Our first book signing together and it happened on May 7th, the day before Mother’s Day, at Chipola River Books & Tea in Marianna, Florida. Bookshop owner Michael Downum provided a gracious setting for the special event. Candy gemstones friend Jayne Satter found in Mexico were part of the fun. I read, Earline enacted, and friends joined in from this scene from Chapter 17, “On the Road to Sell.”
The New York City trade show was held at the imposing Coliseum on Columbus Avenue, the structure a staggering 323,000 square feet in all, with four floors for exhibition. On the cavernous main level, vendors packed the enormous space with their displays of jewelry, tee shirts, caps, cups, key chains, and other imaginative forms of souvenirs. Merchandise seemed to spill out of every nook, every cranny.
Sounds crowded every space, too. Everywhere was the buzz of excited vendors, buyers, casual lookers, the hum of humanity meandering through aisles, pausing at displays, conferring, acquaintances calling out to one another. Clatter and chatter filled the air.
Petite Earline, dressed smartly in an azure blue pantsuit, a color she knew echoed in her eyes, sat at her booth. She also knew she needed to draw attention to the gemstones Al had sent her to show and, most importantly, to sell.
She’d heaped the stones on the display table so they lolled in happy profusion across the white cloth beneath them. Silky tiger’s eye with wavy bands of color, the blues and greens of chrysocolla—often mistaken for turquoise, tawny palm wood with its dark speckles. Potential customers strolled by, their eyes caught by the mass of little rocks. A few stopped, then moved on.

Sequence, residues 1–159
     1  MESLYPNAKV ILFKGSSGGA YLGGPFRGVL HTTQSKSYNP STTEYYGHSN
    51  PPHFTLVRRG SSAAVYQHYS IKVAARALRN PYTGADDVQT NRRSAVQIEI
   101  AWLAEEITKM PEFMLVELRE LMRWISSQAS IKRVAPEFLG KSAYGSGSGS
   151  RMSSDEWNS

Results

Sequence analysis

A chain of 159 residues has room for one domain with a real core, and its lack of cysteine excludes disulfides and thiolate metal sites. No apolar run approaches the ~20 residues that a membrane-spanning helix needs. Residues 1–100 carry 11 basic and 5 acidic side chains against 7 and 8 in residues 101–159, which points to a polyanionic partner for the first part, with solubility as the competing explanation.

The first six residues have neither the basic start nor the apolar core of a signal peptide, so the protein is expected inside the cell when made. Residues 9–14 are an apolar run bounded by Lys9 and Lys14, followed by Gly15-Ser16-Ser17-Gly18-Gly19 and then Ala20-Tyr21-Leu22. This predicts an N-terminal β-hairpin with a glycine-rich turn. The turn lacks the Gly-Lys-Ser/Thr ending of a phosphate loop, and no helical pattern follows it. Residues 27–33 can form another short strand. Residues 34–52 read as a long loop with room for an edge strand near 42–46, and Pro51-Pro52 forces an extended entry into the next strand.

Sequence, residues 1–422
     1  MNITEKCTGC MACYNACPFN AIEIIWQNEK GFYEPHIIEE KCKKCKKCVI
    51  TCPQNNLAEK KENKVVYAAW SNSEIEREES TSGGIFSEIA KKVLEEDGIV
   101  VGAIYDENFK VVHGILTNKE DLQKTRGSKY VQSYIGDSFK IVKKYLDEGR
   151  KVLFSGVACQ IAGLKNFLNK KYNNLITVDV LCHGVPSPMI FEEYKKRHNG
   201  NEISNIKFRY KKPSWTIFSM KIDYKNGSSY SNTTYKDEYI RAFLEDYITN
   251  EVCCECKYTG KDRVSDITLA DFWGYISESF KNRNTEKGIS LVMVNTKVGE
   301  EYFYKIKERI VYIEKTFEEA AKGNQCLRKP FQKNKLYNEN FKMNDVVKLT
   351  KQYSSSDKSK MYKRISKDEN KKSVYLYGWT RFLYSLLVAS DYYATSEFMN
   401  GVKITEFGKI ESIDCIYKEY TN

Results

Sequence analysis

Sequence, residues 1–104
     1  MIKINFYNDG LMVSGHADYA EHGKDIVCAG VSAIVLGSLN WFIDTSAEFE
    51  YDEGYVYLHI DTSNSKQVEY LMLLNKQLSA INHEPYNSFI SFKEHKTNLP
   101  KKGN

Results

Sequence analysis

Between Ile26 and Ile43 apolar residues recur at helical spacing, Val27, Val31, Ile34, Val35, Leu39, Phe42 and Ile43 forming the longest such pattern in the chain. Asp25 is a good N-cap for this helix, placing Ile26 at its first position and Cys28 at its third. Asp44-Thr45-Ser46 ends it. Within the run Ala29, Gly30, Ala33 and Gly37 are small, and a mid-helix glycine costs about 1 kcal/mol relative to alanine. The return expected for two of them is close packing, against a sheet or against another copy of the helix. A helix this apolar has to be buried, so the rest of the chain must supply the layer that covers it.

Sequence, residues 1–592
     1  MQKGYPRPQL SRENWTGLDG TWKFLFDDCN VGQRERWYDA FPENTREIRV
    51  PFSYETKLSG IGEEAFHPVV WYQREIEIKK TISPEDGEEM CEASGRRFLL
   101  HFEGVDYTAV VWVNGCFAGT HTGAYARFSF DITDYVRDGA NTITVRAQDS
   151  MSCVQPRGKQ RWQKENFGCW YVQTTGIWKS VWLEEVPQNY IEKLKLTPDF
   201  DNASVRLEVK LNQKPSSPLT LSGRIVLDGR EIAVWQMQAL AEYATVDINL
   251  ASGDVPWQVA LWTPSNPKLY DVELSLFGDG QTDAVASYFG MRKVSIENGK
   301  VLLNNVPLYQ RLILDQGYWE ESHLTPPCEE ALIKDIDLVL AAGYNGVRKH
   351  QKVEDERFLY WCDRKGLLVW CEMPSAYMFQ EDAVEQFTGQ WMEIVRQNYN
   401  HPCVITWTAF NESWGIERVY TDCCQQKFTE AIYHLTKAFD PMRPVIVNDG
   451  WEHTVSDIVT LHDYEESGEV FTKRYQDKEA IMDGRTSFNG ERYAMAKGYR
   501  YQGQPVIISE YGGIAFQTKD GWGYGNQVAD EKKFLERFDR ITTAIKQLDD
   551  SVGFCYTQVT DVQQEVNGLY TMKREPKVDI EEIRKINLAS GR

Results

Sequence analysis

As a few more potential buyers approached, Earline reached into the mound and pulled out a blue-gray stone. She examined it for a moment then nonchalantly popped it into her mouth. She chewed, and her eyes closed as she savored the delicious rock. She opened her eyes, chose another, this one with a rosy glow, and slowly, deliberately dropped it into her mouth. Again she savored the unique flavor.
By this time a crowd had gathered, blocking the aisle. Several people wanted to eat a gemstone. Some started to reach for them.
“No, no! You’ll break your teeth,” Earline laughed, amazed and delighted that there still were so many folks willing to be gullible, just as there were decades ago when she was with the carnival.
Finally, she allowed one person to take one she’d pointed out. She didn’t tell him some were gemstone candies she’d slipped in, and only she knew which were which. She cautioned him, “Now don’t let it break your teeth.”
Gingerly he raised the stone, placed it in his mouth, and with deliberation bit down. A twinkle crept into his eyes as he chewed.
In the end, she took an enormous order for gemstones. A Kellogg representative wanted several tons of them for Corn Flakes’ trinkets. It was an order to match the size of this exhibition hall.
Later, when she reported to Al about it, he jumped up from his chair and exploded. “There’s no way I can get that many gemstones! And then they’ll just want more, and I can’t get them. Those New York guys will sue hell out of me!”
“Well, Al,” she said. “You sent me there to sell gemstones, and I sold them.” It seemed to her the rest of the deal was his problem.
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